from year to year. The bonds were given in 1872, and run 20 years, so they have not matured. Various grounds are set out in the bill to show that the bonds are illegal, but the main question is whether, under the circumstances of this case, a. bill of equity can be sustained, and we think that it cannot. Of course, a bill in equity will lie for the purpose of preventing a IDultiplicityof suits; but here repeated suits have been brought, and judgments have been rendered against the party. There cannot, therefore, be any question as to whether there is an unreasonable and vexatious number of being brought, because the court has decided that the suits were properly brought and judgments have been rendered. There is not a single allegation in the bill which contains a true ground of equity, unless it is simply in consequence of threatened multiplicity of suits. There is not an objection stated in the bill to these bonds, except what is a valid"objection at law, if at all, and therefore the" only standing the bill can have is to prevent a multiplicity of suits. But here, as has been sg,id, suits have been brought from time to time and judgments rendered, and can it be claimed, then, that there is threatened a yexatious number of suits against the town, and on that account a court of equity has jurisdiction? We think not. Again, we doubt very much whether it is competent, under the circuIDstapces of the case, for these.iax-payers to come in and ask for an equitable interposition of the court. There is no charge made against the town, no intimation that the town has been derelict in its duty, or has not contested these bonds in every way in which they could be contested, and it seems to be rather a stretch of equitable authority to claim that these tax-payers (the suit having been dismissed as to the town) can come in. and obtain the relief which they seek. Besides, we may as well say that nearly every objection, and we believe every objection, madein the bill to the issue of these bonds has been repeatedly urged before the court, and as repeatedly held to be invalid, as against suits of any kind brought by bona fide holders of the bonds. If the case, as of course it may, is to go to the supreme court, it is desirable that it should be put in a different form, so that the l'eal questions upon which we have decided it should come before the appellate court; and I may as well say that, as there is a copy of the bond given in the bill, it will appear, from the allegations and recitals in the bond there given, that every question raised by the bill has been decided by this court. The bill will therefore be dismissed.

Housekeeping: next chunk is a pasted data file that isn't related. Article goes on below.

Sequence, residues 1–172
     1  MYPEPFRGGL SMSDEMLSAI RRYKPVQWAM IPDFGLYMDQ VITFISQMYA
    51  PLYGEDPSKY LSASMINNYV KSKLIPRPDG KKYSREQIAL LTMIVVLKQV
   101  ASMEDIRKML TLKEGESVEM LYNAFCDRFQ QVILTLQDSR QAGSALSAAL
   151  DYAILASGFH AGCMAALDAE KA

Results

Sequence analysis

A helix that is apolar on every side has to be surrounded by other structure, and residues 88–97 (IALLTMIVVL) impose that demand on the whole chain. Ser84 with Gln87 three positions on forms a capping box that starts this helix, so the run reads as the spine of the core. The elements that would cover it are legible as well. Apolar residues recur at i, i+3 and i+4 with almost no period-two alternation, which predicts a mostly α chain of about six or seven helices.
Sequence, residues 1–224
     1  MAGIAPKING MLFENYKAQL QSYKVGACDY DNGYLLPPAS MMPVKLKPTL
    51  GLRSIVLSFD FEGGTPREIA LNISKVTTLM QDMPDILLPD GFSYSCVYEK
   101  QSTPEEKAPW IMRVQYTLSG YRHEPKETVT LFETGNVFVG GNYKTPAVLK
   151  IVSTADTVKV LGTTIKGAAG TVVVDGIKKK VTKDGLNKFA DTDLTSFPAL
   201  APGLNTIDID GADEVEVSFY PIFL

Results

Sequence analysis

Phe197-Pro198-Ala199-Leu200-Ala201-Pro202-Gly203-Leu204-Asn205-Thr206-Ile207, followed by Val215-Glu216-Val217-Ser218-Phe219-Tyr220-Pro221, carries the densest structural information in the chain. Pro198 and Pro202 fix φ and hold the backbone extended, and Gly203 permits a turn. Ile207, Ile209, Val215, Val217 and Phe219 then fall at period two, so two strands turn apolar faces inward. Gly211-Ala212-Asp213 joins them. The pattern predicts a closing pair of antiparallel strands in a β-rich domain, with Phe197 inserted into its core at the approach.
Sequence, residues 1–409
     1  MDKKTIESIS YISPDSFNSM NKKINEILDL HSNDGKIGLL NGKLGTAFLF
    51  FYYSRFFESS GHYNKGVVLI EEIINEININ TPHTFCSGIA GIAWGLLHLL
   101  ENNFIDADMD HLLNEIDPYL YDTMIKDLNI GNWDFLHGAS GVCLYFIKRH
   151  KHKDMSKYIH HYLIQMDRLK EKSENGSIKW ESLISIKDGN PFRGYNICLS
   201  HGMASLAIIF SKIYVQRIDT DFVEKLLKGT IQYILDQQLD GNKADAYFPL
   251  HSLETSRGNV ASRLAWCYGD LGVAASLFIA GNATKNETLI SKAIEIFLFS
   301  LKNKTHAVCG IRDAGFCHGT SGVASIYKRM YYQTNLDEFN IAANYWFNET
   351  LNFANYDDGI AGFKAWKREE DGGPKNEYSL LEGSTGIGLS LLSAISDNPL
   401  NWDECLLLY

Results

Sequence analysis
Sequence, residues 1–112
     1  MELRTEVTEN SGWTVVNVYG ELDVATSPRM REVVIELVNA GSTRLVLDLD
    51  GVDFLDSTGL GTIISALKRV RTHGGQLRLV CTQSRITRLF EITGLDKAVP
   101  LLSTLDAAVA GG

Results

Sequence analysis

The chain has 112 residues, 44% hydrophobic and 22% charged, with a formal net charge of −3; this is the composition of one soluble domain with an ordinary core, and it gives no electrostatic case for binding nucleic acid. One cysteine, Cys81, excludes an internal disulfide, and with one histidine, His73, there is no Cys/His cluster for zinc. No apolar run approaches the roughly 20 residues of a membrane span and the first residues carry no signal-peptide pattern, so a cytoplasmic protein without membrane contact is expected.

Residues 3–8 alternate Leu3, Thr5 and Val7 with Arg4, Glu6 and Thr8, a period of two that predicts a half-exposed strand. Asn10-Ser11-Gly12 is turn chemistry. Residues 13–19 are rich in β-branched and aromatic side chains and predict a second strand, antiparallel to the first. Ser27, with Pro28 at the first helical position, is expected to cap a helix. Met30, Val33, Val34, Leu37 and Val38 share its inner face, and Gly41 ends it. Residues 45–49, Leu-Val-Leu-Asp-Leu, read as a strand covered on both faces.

SCQTTlSH-AMElUCAN YORT9-AGE Co. v. FOLLANSBEE and others.